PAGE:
Athens International Airport to cut landing and parking charges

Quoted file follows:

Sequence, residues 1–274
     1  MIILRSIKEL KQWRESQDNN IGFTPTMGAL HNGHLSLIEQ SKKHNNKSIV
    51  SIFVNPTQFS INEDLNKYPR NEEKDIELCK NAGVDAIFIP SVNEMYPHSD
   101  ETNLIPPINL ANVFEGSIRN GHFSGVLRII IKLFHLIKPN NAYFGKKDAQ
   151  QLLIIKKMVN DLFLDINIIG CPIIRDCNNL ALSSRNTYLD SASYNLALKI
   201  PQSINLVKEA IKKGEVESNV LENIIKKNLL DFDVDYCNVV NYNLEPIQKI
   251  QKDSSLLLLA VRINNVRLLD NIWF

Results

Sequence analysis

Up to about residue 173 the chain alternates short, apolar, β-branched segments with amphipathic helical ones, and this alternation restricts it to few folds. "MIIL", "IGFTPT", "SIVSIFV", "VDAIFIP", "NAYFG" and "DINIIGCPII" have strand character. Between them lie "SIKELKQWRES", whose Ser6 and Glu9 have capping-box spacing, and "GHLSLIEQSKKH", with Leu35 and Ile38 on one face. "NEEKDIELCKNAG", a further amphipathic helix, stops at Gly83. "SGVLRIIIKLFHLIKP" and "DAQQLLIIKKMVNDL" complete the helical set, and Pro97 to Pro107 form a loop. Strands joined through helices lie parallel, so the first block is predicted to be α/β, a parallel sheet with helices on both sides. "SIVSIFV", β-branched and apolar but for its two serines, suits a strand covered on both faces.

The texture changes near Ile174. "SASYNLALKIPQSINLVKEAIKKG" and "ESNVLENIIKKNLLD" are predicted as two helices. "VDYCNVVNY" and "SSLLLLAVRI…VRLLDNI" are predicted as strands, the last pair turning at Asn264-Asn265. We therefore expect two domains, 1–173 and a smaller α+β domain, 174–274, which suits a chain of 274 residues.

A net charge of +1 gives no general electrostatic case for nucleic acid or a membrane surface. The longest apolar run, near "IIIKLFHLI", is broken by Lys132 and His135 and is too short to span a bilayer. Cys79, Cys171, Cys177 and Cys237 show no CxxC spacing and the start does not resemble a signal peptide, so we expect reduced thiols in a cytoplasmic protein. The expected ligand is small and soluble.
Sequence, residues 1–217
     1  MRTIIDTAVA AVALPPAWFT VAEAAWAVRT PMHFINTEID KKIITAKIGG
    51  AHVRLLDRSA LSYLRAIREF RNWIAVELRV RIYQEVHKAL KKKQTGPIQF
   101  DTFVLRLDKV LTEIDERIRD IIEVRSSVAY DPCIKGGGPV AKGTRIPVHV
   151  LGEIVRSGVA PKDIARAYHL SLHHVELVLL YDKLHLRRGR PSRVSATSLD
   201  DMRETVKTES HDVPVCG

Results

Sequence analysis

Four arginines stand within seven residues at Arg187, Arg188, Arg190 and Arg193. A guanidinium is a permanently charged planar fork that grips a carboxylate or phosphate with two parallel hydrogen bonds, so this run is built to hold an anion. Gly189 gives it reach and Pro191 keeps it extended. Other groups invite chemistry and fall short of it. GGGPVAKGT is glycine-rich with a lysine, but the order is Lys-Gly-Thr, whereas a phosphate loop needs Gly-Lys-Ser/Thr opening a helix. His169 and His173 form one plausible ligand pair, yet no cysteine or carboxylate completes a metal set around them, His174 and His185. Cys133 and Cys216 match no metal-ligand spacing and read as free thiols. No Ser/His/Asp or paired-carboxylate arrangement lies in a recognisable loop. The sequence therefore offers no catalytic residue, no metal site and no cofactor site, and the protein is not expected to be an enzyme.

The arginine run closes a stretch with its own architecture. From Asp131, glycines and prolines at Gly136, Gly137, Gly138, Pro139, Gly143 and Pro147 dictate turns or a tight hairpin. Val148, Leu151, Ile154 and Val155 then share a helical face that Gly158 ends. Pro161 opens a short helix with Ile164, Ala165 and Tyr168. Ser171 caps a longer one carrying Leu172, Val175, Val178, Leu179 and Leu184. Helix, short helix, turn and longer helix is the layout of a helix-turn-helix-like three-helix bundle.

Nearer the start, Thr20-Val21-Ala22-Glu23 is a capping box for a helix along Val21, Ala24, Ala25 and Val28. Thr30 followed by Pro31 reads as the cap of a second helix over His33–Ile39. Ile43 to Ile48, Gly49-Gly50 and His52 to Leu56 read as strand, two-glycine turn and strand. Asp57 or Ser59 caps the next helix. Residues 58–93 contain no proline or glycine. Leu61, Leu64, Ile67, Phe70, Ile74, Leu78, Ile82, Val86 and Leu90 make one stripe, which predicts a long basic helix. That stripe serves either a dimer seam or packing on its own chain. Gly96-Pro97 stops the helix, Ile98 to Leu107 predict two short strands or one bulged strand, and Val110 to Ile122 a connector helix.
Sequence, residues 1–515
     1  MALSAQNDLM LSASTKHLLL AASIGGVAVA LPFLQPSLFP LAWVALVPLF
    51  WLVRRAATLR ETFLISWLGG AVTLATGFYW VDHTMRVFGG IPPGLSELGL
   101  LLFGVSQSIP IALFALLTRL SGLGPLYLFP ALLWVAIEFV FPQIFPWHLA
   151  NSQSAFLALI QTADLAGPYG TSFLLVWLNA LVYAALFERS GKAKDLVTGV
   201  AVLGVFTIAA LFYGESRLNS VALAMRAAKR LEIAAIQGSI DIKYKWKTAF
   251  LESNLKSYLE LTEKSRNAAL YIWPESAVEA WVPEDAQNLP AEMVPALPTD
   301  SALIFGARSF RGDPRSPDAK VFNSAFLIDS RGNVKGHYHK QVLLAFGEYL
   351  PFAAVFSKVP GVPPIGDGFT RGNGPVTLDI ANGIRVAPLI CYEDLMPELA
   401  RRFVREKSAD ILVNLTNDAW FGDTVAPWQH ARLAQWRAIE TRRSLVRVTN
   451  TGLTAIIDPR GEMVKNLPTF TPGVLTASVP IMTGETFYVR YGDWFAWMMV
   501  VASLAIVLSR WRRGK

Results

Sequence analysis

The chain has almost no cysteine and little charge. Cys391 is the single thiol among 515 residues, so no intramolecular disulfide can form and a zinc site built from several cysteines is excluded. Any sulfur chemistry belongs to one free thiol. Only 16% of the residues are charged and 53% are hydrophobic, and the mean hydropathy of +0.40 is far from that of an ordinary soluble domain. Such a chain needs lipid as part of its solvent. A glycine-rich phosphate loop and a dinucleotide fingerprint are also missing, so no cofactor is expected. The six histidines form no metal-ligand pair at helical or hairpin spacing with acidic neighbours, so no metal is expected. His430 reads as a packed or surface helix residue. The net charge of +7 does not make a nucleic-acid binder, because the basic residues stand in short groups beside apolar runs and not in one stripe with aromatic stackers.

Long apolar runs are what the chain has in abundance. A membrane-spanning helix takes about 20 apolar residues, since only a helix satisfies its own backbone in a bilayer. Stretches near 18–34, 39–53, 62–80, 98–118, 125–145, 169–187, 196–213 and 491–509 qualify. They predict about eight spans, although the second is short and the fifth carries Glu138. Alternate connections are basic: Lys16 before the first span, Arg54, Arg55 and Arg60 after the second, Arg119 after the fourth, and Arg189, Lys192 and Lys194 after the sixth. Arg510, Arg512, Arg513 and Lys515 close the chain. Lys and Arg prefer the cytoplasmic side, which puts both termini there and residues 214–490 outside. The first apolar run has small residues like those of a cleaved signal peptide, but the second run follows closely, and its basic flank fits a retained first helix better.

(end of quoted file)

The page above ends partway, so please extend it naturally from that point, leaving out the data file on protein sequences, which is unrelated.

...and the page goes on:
Athens International Airport (AIA), the operator of the Eleftherios Venizelos airport at Spata, said yesterday it will slash landing and parking charges for airlines by 5 to 60 percent, effective November 1. AIA Chief Executive Matthias Mitscherlich said the move will contribute to the cost-cutting efforts of the airlines operating at the airport as well as improve the airport’s competitiveness and attractiveness. Since the airport opened in March, airlines and tourism organizations have been voicing protest at the allegedly high rates charged by the airport operator, blaming the charges for driving away tourists and airline passengers. AIA has come under increasing pressure to cut its rates after the September 11 attacks, as the global airline industry saw passenger traffic plummet and insurance premiums soar. This has caused a number of airlines to either cut routes or reduce flight frequencies. National flag-carrier Olympic Airways is considering trimming its international flights. German airline Lufthansa recently terminated the Thessaloniki-Munich route while Virgin Airlines no longer offers flights to London. Early this month, a group of tourist bodies, hoteliers, industrialists, airlines and car rental agencies sent an open letter to the ministers of national economy, development and transport, urging the immediate abolition of the spatosima, the airport development tax. The revenues from this levy are split between AIA, which takes three quarters of the sum, and the Civil Aviation Service with the remaining 25 percent. Recent media reports suggested that the government is willing to forego a portion of its share with the aim of trimming the charge by 10 to 20 percent. AIA said its decision to cut its charges was also made possible by positive five-month results. Mitscherlich said the company will continue to find ways to assist airlines in order to get out of this crisis. The operator plans to introduce a number of incentives for international routes starting January 1, 2002. It did not give any specifics of the proposals. The new landing and parking charges will benefit heavy aircraft and long-haul planes. Aircraft over 120 tons will get discounts ranging from 6 to 30 percent, while those making long-haul flights will see parking charges reduced by up to 60 percent during their day stop. Parking charges for night stops will fall by between 5 to 50 percent.

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